Men trust to themselves, to their own feelings, to their own judgments. Have these never played them false? Have they ever been true before God? What suicidal folly not to distrust themselves, and look to God, cry to God, ask of God, what is His way, His truth, His Son! But no: this were to believe and be saved; and they will not. They are too proud. They will not bow to the Word that arraigns them as sinners, even though it sends them the message of remission of sins on their faith. They feel that such grace on God's part supposes utter guilt and ruin on theirs, and this they are too hard, too proud, to own. They believe not; they are not of the Saviour's sheep. Criminals, heathen, perhaps, may need a Saviour; not decent, more, religious men like themselves! They do not, will not, believe, and are lost, not because they are too great sinners for Christ, but because they refuse Christ as the Saviour, and deny their ruin as sinners. They prefer to go on as they are, like the great mass of men: God, they think, is too merciful; and they hope to improve some day if they feel not quite right to-day. Thus are they lost. Such is the way and end of many an unbeliever now, as of the Jews then.
How, then, are Christ's sheep characterised? We need not hesitate to receive the answer, for here is His own account of them. "My sheep hear My voice": a quality incomparably better than doing this, or that, or all things without it. It is the obedience of faith, the holy parent of all holy issues. Without faith it is impossible to please God; and this is the present characteristic of those who are of faith: they hear the voice of Christ, and are truly humble, yet firm. It is not self-assertion, nor the forgetfulness of their own sinfulness and of His glory. It is the simple owning of His grace, and of their own need; and thus only are souls blessed through Christ to God's glory.
This, however, is not their only privilege. "And I know them," says the Saviour. It is not here said that they know Christ, however true by grace. But He knows them, all their thoughts and feelings, their words and ways, their dangers and difficulties, their past, present, and future. He knows themselves, in short, perfectly, and in perfect love. How infinite the favour and the blessing! What a resource and a joy!
But there is more. The sheep not only hear Christ's voice, but, says He, "They follow Me." For faith is divine and practical, or worse than useless. And as it is due to Christ that His own should follow Him, so they need it, exposed as they are to countless foes, seen and unseen. It is their security, whatever the circumstances they pass through: Christ Who leads the sheep cannot fail, and, as He knows them, so they follow Him. Thus He keeps them by the way, which He is.
"And I give them life eternal, and they shall never perish, and no one shall seize them out of my hand." Thus the Lord guarantees His own life to them, not the life of Adam, who brought in death, and died, and left the sad inheritance to all his offspring; whereas the Second Man and last Adam, being Son of God, quickens whom He will, and quickens with and to life everlasting. Is it said, however, that the sheep are weak? Unquestionably; but here He excludes fear and anxiety for all who believe in Him, for He immediately adds that "they shall in no wise ever be lost." No intrinsic weakness, therefore, shall compromise their safety for a moment; nor shall hostile force or wiles jeopard them; for "no one shall seize them out of My hand."199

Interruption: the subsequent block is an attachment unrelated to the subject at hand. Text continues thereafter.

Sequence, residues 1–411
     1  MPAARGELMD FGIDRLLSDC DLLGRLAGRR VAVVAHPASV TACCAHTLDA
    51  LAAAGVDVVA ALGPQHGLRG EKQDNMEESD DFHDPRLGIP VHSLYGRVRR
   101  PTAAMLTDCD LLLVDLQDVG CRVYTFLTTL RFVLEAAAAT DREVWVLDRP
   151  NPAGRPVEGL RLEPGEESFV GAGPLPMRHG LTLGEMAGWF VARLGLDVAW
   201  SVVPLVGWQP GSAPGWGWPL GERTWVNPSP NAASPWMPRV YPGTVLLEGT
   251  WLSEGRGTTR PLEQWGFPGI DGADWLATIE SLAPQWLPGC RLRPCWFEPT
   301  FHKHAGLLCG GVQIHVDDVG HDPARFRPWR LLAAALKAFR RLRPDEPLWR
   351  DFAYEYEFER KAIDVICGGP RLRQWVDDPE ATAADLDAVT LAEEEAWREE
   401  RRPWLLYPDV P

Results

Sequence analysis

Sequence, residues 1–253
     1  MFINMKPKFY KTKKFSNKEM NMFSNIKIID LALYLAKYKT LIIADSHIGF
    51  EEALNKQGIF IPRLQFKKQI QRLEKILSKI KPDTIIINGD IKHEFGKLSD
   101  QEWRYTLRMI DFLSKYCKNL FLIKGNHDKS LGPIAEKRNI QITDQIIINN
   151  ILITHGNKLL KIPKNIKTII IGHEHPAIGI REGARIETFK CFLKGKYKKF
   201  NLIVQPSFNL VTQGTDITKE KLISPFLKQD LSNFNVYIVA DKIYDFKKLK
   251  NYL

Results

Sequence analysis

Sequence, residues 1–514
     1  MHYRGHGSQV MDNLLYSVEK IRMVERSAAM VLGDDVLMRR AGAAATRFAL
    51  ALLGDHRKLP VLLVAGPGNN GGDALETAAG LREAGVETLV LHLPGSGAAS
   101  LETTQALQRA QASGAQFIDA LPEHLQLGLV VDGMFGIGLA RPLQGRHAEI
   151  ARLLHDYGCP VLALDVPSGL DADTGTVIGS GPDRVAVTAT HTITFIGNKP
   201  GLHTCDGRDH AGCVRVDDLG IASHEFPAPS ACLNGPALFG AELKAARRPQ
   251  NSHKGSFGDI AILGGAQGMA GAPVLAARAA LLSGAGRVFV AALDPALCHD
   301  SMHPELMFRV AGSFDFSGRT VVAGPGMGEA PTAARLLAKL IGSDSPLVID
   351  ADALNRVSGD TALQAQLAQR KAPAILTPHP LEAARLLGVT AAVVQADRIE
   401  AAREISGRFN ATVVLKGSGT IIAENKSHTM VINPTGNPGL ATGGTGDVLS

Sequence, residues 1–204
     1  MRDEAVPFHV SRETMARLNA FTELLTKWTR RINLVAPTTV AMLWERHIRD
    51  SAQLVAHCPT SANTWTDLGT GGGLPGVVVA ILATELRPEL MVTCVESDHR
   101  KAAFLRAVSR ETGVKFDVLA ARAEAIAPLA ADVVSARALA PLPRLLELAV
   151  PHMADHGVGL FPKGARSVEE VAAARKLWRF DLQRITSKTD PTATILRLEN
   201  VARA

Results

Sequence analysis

Could love assure its objects of more? His love would impart to them the certainty of His own deepest joy, His Father's love as sure as His own; and so He closes His communication with it. "My Father Who hath given to Me is greater than all, and no one is able to seize out of the hand of My Father. I and the Father are one." Here we rise into that height of holy love and infinite power of which none could speak but the Son; and He speaks of the secrets of Godhead with the intimate familiarity proper to the Only-begotten Who is in the Father's bosom. He needed none to testify of man, for He knew what was in man, being Himself God; and He knew what was in God for the self-same reason. Heaven or earth made no difference, time or eternity. Not a creature is unapparent before Him, but all things are naked and laid bare in His eyes with Whom we have to do. And He declares that the Father Who had made the gift resists all that can threaten harm, and as He has given to Christ, so He is greater than all, and none can seize out of His hand. Indeed, the Son and the Father are one, not one Person (which ἐσμεν with every other Scripture bearing on it, refutes), but one thing, ἓν, one Divine nature or essence (as other Scriptures equally prove). The lowliest of men, the Shepherd of the sheep, He is the Son of the Father, true God and eternal life. And He and the Father are not more truly one in Divine essence than in the fellowship of Divine love for the sheep.
Thus did the Lord assume and imply Divine glory as His, no less than the Father's, spite of the place of man He had taken in the humiliation of love, in order to undo the works of the devil, and deliver guilty sinners who hear His voice from the bondage of sin and God's most righteous judgment. This roused again the murderous hatred of His hearers.
"The Jews (therefore)* again took up stones, that they might stone Him. Jesus answered them, Many good works I showed you from the (or, my)** Father: on account of which work of them do ye stone Me? The Jews answered Him,† For a good work we stone Thee not, but for blasphemy, and because Thou, being a man, makest Thyself God" (verses 31-33).
* BL, 33, etc., omit, the rest add.
** pmBD omit μου, "My."
† The bulk of witnesses omits, "saying."